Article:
Effects of Smoking

Essay by kumitul2003A, March 2009

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The population of teenagers who have started to smoke has grown tremendously in recent years. Their lack of knowledge about the effects of tobacco has made the teenage market the most attractive market to the tobacco industry. The addictive substance in cigarette causes teenagers who become addicted to keep smoking through their entire life. Tobacco is a plant that people smoke in cigarettes, pipes, and cigars. The same plant is in smokeless tobacco, known as dip, chew, spit, or chewing tobacco. Smokeless tobacco is not lit and breathed in the same way as tobacco in cigarettes, pipes, and cigars. Instead, it is put between lips and gum and sucked on inside the mouth. Tobacco use can affect people physically, socially, economically, and psychologically, but smoking is the most common form.

One of the ways smoking can affect the smokers is physically. Physical conditions such as stroke, heart attack, and pancreatic cancer are recognized as directly linked to tobacco.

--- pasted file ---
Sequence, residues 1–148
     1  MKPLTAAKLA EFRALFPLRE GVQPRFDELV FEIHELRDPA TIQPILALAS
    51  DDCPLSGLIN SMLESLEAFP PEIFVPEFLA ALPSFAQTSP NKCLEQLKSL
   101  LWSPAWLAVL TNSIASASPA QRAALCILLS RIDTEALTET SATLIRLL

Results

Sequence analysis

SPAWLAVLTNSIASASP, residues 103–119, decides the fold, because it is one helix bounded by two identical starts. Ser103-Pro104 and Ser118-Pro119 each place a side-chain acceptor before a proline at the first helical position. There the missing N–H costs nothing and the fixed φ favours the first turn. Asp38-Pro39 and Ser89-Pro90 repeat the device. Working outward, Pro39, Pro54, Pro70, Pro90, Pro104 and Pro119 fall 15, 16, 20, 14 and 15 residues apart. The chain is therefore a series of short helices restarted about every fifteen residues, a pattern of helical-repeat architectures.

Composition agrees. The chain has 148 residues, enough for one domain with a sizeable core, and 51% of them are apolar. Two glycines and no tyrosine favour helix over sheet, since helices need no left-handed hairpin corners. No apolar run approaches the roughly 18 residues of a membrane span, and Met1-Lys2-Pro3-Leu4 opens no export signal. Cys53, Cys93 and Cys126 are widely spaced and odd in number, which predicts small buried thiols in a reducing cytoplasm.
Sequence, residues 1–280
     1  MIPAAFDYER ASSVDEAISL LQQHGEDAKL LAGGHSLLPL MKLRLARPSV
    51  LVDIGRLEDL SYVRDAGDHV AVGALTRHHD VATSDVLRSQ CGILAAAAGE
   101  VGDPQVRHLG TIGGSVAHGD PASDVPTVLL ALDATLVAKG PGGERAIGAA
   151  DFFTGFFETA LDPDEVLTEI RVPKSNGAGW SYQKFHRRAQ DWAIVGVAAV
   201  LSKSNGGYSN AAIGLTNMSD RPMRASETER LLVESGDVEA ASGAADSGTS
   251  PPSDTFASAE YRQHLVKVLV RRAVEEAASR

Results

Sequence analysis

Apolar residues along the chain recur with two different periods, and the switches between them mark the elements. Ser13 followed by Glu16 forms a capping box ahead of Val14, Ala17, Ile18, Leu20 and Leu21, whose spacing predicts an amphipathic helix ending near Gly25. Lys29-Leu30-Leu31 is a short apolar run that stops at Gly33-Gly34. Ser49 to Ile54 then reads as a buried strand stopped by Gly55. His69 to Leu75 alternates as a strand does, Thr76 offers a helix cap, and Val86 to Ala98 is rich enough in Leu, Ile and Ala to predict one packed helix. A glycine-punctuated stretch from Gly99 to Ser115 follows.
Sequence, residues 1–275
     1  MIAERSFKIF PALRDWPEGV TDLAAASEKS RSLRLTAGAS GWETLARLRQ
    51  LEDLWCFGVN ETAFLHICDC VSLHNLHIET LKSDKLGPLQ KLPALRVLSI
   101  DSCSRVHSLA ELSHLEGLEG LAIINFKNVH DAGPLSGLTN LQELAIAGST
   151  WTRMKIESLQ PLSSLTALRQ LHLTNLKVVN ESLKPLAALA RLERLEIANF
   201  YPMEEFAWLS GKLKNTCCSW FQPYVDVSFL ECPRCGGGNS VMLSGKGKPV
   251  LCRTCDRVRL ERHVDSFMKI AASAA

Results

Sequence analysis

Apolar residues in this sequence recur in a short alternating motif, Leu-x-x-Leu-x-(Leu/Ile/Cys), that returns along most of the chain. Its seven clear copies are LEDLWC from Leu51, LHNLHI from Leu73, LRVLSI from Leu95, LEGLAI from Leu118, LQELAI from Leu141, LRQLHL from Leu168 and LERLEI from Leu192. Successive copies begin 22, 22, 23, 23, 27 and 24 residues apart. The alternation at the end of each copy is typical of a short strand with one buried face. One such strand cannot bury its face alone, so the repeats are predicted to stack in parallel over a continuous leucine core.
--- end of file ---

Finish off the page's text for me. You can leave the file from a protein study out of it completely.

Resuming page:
When tobacco is smoked, nicotine is absorbed by the lungs and quickly moved into the bloodstream, where it is circulated throughout the brain. The nicotine molecule is shaped like a neurotransmitter called acetylcholine. Acetylcholine and its receptors are involved in many functions, including muscle movement, breathing, heart rate, learning, and memory. They also cause the release of other neurotransmitters and hormones that affect your mood, appetite, memory, and more. When nicotine gets into the brain, it attaches to acetylcholine receptors and mimics the actions of acetylcholine. Nicotine helps a smoker to cope better with stress, making it difficult to quit smoking. Heart and lungs need oxygen-rich blood in order for one to perform well. When a person inhales tobacco smoke, he/she introduces carbon monoxide into his/her system. When carbon monoxide combines with hemoglobin in blood, a substance in the red blood cells...